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Nov. 1 (Bloomberg) -- Nigeria’s naira fell for the first day in three against the U.S. currency after central bank Governor Lamido Sanusi said he may lower the official exchange rate to 155-156 per dollar.
The currency of Africa’s top oil producer weakened 1.1 percent to 161 per dollar by 12:14 p.m. in the freely moving interbank market, according to data compiled by Bloomberg. The central bank aims to keep the naira within a 3 percentage-point band above or below 150 per dollar at twice-weekly foreign- currency auctions, where the marginal rate is taken as the prevailing exchange rate.
The Central Bank of Nigeria will make its stance on the currency clear in the next week or two and plans to keep the exchange rate stable over the next year, Sanusi said yesterday. The central bank has been struggling to keep the naira within its target as oil prices declined and demand for imports surged.
“We believe this would happen around the turn of the year in preparation for the 2012 financial year,” Matthew Pearson, the London-based head of Africa equity sales at Standard Bank Group Ltd., wrote in an e-mailed note today. “Perhaps the overriding desire has been for the CBN to be ‘driving the change on its terms’ rather than risk being forced into the change at an illiquid time of the year or by market forces.”
Mounting demand for dollars had pushed the naira outside its band targeted by the central bank, with the currency weakening to a record 166.6 per dollar on Oct. 10. Nigeria sold $200 million at a foreign-currency auction yesterday, less than the $252.3 million demanded by lenders. The marginal rate depreciated 0.1 percent to 150.25 per dollar from 150.05 naira at the previous auction on Oct. 26.
“It is inevitable that the naira has to be lowered from 150 per dollar,” Yvonne Mhango, a Johannesburg-based economist with Renaissance Capital, wrote in an e-mailed response to questions. “The fact that it has traded much lower than 150 in 2011, and even lower than 160 in the recent past, is indicative of what the market thinks the value of the naira is. The naira may be trading lower following Sanusi’s comments yesterday because it’s the first time that he has clearly spoken of a devaluation.”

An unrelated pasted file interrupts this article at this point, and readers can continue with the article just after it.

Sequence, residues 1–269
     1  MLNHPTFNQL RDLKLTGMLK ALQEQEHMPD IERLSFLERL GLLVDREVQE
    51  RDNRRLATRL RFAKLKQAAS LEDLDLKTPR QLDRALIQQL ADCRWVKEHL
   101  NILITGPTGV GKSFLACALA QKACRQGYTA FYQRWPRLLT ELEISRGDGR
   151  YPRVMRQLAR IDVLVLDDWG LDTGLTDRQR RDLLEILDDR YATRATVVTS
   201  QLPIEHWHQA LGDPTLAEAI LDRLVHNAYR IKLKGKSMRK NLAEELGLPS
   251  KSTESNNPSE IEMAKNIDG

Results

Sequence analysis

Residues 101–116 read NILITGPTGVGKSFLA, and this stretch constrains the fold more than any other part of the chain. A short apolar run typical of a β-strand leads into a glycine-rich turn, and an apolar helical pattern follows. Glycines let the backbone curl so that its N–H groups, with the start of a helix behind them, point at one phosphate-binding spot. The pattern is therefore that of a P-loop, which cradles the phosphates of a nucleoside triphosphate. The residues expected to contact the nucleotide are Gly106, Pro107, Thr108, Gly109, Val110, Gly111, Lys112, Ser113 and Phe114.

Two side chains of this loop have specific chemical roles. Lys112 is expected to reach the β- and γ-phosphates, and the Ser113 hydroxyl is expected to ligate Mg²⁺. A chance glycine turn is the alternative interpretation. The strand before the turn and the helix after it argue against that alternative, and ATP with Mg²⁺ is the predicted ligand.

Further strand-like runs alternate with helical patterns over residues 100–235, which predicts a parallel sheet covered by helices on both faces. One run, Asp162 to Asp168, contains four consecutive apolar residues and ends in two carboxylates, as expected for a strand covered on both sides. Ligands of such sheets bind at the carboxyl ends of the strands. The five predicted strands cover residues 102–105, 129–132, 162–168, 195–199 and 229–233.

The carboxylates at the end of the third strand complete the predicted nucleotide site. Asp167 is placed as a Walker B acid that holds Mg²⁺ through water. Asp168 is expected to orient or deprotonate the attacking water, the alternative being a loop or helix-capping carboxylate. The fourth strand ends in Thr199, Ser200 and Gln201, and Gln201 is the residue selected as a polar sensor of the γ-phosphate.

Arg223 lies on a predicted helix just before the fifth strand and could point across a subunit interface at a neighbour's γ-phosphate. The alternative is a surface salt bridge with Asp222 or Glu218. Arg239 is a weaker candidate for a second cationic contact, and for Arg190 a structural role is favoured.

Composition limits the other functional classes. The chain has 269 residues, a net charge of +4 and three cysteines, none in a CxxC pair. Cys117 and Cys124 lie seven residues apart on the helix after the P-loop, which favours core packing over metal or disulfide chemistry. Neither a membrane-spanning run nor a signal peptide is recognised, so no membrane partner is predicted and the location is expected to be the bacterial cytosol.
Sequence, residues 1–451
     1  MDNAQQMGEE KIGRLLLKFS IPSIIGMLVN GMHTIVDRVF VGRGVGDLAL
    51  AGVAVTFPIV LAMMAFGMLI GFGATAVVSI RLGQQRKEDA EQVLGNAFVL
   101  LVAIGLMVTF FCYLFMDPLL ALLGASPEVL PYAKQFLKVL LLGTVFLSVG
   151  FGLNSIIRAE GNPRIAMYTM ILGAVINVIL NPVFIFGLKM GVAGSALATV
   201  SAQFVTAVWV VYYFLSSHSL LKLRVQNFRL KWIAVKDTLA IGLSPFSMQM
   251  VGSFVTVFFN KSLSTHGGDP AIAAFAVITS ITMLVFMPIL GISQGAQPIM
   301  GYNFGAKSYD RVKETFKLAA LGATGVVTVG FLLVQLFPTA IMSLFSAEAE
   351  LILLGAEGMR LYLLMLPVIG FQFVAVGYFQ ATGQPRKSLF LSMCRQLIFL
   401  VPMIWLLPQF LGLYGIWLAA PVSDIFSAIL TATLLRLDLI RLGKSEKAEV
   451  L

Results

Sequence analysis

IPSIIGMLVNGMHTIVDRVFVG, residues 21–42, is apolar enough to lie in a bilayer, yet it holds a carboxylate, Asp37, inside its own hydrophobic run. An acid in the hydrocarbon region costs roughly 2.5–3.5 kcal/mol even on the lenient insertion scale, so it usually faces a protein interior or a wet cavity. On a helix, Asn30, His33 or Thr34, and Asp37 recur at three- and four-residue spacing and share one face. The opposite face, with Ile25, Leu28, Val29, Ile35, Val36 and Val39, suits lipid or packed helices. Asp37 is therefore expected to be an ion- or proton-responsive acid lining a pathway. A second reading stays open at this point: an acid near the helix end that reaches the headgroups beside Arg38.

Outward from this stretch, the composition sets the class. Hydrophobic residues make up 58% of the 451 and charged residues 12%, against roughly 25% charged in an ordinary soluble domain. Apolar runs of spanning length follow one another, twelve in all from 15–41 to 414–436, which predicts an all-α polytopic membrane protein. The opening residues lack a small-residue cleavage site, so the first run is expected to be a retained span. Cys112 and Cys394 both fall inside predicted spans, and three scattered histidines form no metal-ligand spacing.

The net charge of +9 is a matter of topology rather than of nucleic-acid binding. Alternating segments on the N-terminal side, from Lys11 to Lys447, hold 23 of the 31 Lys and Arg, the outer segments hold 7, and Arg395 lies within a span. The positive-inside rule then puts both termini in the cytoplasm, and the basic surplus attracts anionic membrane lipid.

Sanusi responded to the naira’s decline by raising the benchmark interest rate by 275 basis points to 12 percent on Oct. 10, the highest level since the rate was introduced in 2007. Inflation accelerated to 10.3 percent in September from 9.3 percent in the previous month, the statistics office said on Oct. 14.
“We believe the announcement of the new foreign-exchange target will likely see the naira trade weaker from the current levels,” Ridle Markus and Dumisani Ngwenya, Johannesburg-based analysts at Absa Capital, wrote in a report today. “Despite aggressive monetary tightening in early October, the naira has been trading in a wide range in recent weeks.”
The country’s gross reserves stood at $33 billion on Oct. 27, compared with $32.3 billion at the end of last year, according to data on the central bank’s website. Nigerian benchmark Bonny Light crude has fallen 15 percent from a three- year high on April 8.
Oil accounts for 80 percent of government revenue and 98 percent of exports, Sanusi said yesterday.
“The likelihood that the oil price will, on average, be lower in 2012 than it was in 2011 and the missed opportunity to improve the foreign-currency reserves position in 2011 as well as the downward pressure on reserves suggests that a devaluation is inevitable, in our view,” Mhango said.
Ghana’s cedi slipped less than 0.1 percent to 1.5965 per dollar as of 11:17 a.m. in Accra, according to data compiled by Bloomberg.
--Editors: Ana Monteiro, James Kraus
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